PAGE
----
I know it’s easier and quicker to pay this way, but in most cases it’s never fair for all parties involved. And do you ever notice that the person who brings it up, is usually the one who ordered more than everyon else?! HAH. In case you aren’t in the mood to read about last night’s adventure, and i wouldn’t blame you, I’ll start by blabbing the moral of the story:
Always ask for separate checks. That’s it.
Many of the frugal-minded may already know this, and i *thought* i did too, but it turns out my actions don’t always correlate w/ my brain. Here’s a breakdown of how the events played out last night:
Mrs Budgetsaresexy gets an email from Doris (made-up name) asking us to meet up for dinner w/ her husband (Bob) and another couple. We say it sounds fun, and will stop by for drinks only, as we’re trying to save money w/ Grad school coming up. According to Doris, though, this is “silly” and we shoud “just eat w/ everyone” as it’s not that expensive.
Well true, but only depending on your definition of expensive. If you’re comparing a home-made meal at $7 total vs. $15 plates, without drinks, tips, and taxes – it’s expensive. To avoid the argument though, we brush it off and say we’ll play it by ear.
On the Way to Dinner
Turns out we were STARVING by the time we left work, and we realized that even if we DID hold in our hunger and go for the 2-drink idea, we’d still blow through $20 between the two of us ($5/drink x 4). So we agreed to find the cheapest, but still enjoyable, meals as well as a side of free water ;)
The meals were lovely, the water quenching, and we had a nice evening out for what we thought was $21 plus a little tax and tip. We were wrong.
The check comes and Bob (Doris’ spouse), who had a beer AND a $15 plate brings up the famous “let’s split it evenly” deal. All i could think was “$hit! We forgot to get the separate check”. I know he didn’t any harm by it, the guy’s pretty cool, but it’s like COME ON!
- We consumed 2 meals for the price of yours alone.
- We told you we were trying to save money!
- And….I dunno… but it’s really not nice.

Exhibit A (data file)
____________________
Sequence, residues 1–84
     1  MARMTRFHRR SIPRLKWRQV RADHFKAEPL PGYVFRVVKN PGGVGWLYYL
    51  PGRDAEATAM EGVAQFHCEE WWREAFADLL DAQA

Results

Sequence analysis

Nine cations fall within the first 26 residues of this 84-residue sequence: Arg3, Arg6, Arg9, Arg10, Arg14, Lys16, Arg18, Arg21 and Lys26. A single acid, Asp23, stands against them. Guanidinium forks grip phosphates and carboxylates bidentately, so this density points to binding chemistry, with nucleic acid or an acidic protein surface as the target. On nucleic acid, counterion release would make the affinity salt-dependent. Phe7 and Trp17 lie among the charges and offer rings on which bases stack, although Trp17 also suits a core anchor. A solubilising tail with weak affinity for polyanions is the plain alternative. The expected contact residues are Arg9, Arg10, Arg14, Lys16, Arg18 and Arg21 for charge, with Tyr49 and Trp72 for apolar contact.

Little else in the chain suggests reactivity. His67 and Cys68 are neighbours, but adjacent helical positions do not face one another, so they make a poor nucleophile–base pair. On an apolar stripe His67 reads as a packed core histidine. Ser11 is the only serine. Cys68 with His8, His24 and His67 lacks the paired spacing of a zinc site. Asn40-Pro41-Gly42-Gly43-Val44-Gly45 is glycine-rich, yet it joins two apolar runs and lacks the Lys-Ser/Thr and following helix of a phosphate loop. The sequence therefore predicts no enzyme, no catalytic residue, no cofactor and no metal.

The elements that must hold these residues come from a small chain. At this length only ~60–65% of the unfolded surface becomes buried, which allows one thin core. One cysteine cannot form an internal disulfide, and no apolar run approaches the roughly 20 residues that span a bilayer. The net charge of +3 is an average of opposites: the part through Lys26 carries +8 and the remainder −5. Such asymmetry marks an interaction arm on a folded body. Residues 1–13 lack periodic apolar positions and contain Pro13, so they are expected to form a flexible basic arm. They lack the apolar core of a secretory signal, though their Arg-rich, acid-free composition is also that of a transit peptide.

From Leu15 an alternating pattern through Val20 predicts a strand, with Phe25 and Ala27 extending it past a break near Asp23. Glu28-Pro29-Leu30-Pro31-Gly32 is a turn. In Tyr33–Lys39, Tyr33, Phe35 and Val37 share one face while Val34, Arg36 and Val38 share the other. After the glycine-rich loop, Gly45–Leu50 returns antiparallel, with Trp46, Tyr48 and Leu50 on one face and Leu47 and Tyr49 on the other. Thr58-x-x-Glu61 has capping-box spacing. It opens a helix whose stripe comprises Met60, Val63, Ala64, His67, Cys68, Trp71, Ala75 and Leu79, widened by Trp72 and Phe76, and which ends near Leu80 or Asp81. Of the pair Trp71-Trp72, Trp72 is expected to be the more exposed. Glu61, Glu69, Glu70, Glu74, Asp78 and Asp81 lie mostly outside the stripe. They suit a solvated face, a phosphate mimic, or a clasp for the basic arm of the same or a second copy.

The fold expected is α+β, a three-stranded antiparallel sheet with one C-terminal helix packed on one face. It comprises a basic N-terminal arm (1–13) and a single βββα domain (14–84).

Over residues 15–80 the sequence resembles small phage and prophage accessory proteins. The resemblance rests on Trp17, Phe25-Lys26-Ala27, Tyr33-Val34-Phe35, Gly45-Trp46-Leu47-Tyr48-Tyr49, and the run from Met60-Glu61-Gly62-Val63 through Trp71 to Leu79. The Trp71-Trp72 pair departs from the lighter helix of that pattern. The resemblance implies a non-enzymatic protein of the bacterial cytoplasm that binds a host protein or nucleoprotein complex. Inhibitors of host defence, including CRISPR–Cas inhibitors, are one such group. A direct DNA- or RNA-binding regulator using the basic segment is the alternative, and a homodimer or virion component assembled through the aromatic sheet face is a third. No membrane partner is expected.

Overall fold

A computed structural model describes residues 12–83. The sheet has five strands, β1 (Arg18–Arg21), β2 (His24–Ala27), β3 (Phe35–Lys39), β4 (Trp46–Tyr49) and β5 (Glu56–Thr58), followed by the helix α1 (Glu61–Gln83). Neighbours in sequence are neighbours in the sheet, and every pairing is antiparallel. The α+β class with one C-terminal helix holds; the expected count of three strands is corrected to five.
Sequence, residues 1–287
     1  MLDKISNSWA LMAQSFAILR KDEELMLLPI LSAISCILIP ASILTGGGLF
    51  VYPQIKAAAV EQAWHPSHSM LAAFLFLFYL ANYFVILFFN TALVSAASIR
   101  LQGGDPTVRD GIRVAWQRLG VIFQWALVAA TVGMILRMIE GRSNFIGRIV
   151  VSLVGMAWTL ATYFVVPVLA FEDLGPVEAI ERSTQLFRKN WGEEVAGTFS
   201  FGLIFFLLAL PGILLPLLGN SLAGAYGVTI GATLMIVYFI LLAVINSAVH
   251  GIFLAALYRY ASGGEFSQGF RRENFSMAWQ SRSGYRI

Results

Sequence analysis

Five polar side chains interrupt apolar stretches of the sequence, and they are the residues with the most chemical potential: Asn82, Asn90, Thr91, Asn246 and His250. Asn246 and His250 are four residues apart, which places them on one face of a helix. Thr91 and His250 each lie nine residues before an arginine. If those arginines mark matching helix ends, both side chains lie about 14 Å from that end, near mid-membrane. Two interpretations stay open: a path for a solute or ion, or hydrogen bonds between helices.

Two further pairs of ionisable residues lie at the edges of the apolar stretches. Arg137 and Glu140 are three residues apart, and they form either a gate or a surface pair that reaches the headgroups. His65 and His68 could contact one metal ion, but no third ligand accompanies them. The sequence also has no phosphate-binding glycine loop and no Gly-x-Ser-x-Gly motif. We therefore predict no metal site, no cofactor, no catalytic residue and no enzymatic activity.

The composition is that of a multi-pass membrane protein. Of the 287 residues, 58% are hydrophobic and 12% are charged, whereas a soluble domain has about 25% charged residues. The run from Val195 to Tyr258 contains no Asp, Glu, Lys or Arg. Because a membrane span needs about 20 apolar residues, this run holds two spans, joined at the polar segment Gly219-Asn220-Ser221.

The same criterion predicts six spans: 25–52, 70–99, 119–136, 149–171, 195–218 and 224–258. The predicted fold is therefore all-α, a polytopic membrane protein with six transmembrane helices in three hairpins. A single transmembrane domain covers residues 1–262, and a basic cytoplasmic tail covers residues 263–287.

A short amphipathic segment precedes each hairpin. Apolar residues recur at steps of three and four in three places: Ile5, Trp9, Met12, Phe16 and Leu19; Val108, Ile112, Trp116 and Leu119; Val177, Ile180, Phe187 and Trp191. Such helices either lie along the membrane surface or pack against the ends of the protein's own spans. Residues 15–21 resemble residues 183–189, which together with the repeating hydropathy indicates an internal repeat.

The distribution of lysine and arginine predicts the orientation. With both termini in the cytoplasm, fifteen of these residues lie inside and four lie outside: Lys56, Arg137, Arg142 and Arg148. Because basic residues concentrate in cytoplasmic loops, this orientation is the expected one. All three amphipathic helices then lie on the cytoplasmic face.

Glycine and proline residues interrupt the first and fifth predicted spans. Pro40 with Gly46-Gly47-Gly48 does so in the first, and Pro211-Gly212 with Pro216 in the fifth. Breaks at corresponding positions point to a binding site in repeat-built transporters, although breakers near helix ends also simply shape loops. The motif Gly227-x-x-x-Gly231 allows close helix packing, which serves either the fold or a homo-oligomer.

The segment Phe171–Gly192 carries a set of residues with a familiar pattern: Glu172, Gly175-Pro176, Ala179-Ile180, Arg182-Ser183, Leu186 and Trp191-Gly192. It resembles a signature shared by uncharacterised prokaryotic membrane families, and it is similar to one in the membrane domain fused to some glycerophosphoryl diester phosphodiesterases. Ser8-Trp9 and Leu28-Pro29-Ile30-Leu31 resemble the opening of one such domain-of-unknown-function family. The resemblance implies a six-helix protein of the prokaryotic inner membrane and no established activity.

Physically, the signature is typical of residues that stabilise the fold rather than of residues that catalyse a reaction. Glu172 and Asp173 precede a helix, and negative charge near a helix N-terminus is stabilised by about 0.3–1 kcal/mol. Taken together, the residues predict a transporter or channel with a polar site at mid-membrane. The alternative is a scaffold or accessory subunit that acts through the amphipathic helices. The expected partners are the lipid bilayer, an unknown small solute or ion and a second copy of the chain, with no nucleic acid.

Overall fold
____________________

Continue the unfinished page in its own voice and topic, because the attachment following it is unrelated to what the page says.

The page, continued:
I stood my ground, at first, and said nah I think we’ll just pay for our portion. Only problem was i had two $20, and wanted to only lay down $27 thinking i could just get change or something. Again, that didn’t fly – at least from the look on Bob’s face. The other couple didn’t seem to care one way or the other, so it was 4 faces towards me waiting for an answer.
I lost the battle.
F it. I’m not gonna cause a scene over a few bucks, ya know? I wasn’t in the mood for any more awkward moments, and i certainly didn’t want to explain WHY exactly i didn’t think it was fair to split it “evenly”. So we paid our $31.00, which was $4 more than we had signed up for, and said our goodbyes. Then, once in the car and far away from anyone, we relieved ourselves of our bitter thoughts and got it out in the air to each other ;) You gotta cope somehow!
The moral here? Again, ask for separate checks when you first arrive. It might be hard to remember at first, but I think if we can start getting used to it we’ll be happy in the long run. I’m tired of letting these lazy, not-frugal, people get away with my George Washingtons. Those guys belong in one spot, and one spot only – My pockets ;)
Bonus tip: Find a good "balance transfer" offer to help pay off debt faster!
If you’ve been making payment after payment (on time) and still haven't been able to get your debt under control, snatching up a good balance transfer credit card offer may be the ticket to try. That’s where in order to gain your business - credit card companies will let you transfer your existing debt to a new card and let you pay ZERO PERCENT interest on it. Saving you tons every month!
What's the catch? Usually balance transfer cards charge a fee (around 3% of your debt balance) to let you transfer your balance to their 0% interest offer. But we've found a great credit card that will let you do a balance transfer absolutely free. Click here to learn more and see if you qualify!
PS: If you don't trust yourself with another credit card, ignore this! This strategy is to help you get out of debt quicker, not risk adding more to it.